NUT repeats call for schools inspection body to be abolished

ofsted-logo-blueTeaching unions have given a tepid response to changes to Ofsted announced yesterday by chief schools inspector Sir Michael Wilshaw.

The changes, which will be implemented in September, include censuring teachers who give worksheets – rather than books – to pupils, toughening up the complaints procedure by setting up regional scrutiny committees and introducing shorter, more frequent inspections of schools or colleges rated as good.

ATL assistant general secretary Nansi Ellis said: “Of course schools must be accountable for the education they provide children and young people, but, for too long, Ofsted inspections have made schools jump through hoops rather than doing what’s best for pupils.

“We are pleased Ofsted has listened to the accurate criticisms about its inspections and is moving towards the more effective  system proposed by ATL.

“But, we are deeply worried that the government might use Ofsted judgements to identify “coasting” schools so that they can be turned into academies.  This would make it difficult for schools to have truly honest conversations about their own strengths and weaknesses.

“While it is good that there will be more ‘serving practitioners’ in inspection teams who are trained by HMI, we believe they should include teachers, not just school leaders.  Ofsted will have its work cut out to train those teams in time to implement a new framework from September.  And we are still concerned that Ofsted will not make sure that people with the right expertise are inspecting the right schools.

“We also question what information inspectors will use to check ‘leaders have identified key areas of concern’ when they are only in school for a day?  Who decides what the key areas of concern are?  We fear that not having all the pupils entered for the Ebacc or having too few children making ‘good progress’ from their baseline may become Ofsted’s areas of concern due to political interference.

”Ofsted must also be held accountable for the impact of its inspections on teachers, leaders and pupils. So we welcome new, more transparent complaints procedures that should enable schools to have more trust in the accuracy and reliability of the inspectors who turns up on the doorstep.”

NUT general secretary Christine Blower said: “We welcome Ofsted’s acknowledgement that there have been inconsistencies in Ofsted inspections. The changes indicate that Ofsted accepts it has failed to guarantee the quality or consistency of its inspection teams.

“Teachers will find it risible that the Chief Inspector pledges that schools rated good or outstanding will have ‘nothing to fear’ from his inspectors. This is no assurance to the many schools now targeted by Nicky Morgan for ‘coasting’ or ‘failing’, who can expect business as usual from Ofsted. Sir Michael has overseen a climate of fear in his three and a half years as Chief Inspector.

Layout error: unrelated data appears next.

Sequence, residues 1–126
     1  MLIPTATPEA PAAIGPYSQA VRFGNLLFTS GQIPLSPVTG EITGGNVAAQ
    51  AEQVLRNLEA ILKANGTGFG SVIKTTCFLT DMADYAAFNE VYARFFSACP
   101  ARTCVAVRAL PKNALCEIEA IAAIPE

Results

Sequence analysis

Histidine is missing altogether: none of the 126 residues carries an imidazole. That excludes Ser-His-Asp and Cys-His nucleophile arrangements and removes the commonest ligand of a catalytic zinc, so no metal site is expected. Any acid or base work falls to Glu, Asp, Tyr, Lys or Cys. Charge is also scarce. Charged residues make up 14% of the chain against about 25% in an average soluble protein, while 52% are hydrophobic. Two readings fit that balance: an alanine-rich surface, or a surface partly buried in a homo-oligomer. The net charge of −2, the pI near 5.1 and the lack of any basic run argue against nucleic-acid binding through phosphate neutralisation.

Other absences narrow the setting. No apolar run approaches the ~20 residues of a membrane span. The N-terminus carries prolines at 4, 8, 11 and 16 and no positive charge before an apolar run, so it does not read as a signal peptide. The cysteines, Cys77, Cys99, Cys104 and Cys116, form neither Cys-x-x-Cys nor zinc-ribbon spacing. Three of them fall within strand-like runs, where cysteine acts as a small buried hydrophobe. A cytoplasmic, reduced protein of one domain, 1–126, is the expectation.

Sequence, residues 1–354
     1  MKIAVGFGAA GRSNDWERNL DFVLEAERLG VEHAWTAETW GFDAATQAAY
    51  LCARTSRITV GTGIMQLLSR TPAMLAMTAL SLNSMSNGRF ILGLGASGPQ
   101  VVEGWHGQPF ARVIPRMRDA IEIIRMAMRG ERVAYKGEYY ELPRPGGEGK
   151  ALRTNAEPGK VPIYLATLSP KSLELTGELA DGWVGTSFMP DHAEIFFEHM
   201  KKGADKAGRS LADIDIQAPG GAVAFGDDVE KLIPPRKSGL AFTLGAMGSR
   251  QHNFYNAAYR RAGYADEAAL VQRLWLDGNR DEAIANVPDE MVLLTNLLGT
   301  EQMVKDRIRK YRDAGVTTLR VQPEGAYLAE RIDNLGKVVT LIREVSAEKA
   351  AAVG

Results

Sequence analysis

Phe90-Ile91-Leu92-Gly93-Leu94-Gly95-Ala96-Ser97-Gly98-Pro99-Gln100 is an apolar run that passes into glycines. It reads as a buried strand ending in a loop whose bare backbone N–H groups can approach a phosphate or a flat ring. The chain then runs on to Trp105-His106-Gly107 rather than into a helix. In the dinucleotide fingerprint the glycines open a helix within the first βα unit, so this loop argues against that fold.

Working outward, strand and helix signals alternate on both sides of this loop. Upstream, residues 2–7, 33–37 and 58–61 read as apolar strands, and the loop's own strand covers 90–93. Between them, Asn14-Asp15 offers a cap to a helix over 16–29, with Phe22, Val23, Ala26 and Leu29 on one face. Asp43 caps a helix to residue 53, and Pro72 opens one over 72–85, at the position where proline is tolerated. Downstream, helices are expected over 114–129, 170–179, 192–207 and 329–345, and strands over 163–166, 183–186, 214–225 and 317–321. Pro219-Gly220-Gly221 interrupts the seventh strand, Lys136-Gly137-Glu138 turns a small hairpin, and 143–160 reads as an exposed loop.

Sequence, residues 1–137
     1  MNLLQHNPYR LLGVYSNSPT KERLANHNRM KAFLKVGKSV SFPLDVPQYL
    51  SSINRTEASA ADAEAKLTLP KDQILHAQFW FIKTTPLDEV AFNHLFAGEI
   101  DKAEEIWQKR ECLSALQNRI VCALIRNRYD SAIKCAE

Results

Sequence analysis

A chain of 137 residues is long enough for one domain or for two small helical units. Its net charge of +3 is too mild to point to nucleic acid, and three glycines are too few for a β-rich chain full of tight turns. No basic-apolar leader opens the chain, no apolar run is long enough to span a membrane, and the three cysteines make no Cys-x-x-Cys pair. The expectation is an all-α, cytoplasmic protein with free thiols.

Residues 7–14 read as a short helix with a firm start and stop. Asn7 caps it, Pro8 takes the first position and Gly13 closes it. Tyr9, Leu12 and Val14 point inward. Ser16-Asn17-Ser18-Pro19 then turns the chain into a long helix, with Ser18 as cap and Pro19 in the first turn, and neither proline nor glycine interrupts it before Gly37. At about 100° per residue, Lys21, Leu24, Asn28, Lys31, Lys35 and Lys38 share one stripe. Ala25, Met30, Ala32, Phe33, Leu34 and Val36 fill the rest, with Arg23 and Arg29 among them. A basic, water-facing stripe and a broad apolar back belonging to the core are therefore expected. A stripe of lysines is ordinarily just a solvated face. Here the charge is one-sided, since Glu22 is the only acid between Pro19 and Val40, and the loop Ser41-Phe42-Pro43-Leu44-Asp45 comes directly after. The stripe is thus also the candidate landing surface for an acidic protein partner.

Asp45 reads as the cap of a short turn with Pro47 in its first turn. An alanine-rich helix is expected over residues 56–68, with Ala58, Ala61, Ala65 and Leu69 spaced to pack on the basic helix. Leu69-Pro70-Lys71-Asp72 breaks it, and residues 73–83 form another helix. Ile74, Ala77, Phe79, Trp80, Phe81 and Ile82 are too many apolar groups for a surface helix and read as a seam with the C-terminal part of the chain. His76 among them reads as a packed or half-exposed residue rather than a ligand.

“The introduction of the designation ‘exceptional leaders’ points towards the creation of what amounts to a new category of judgement, one that can be used as a stick to beat school leaders whom Ofsted has not blessed with this accolade.

“Indeed, it is noticeable that Wilshaw’s flattery of those heads in charge of ‘outstanding’ schools does not extend to teachers or governors at those same schools. This fundamentally misunderstands how a school operates and thrives. In addition, it is absurd of the Chief Inspector to call for more ‘mavericks’ in leadership roles, when there is a recruitment crisis, and an accountability system which actively discourages head teachers from being innovative or willing to take risks.

“Unfortunately, many schools will still find Ofsted an unsympathetic menace and today’s announcement will come as little comfort to those that were subject to inspections in which the quality of inspection teams was questionable. Those schools are still living with the consequences of Ofsted misjudgements.

“Ofsted, as with the Department for Education, has a startling inability to recognise that they are part of the problem. Quite simply, Ofsted should be abolished and replaced by a new model of school accountability which is independent and perceived to be so and which has been developed in conjunction with the teaching profession.”


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Tim Lezard

Campaigning journalist, editor of @Union_NewsUK, NUJ exec member; lover of cricket, football, cycling, theatre and dodgy punk bands

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